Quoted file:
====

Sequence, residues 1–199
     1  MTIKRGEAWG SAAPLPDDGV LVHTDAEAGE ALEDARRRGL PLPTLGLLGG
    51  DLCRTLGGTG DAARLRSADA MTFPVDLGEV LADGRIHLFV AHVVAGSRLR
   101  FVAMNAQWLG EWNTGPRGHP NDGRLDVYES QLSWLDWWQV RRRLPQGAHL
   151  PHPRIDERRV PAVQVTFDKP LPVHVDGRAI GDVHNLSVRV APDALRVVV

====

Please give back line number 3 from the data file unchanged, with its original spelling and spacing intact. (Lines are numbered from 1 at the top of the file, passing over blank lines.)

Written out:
    51  DLCRTLGGTG DAARLRSADA MTFPVDLGEV LADGRIHLFV AHVVAGSRLR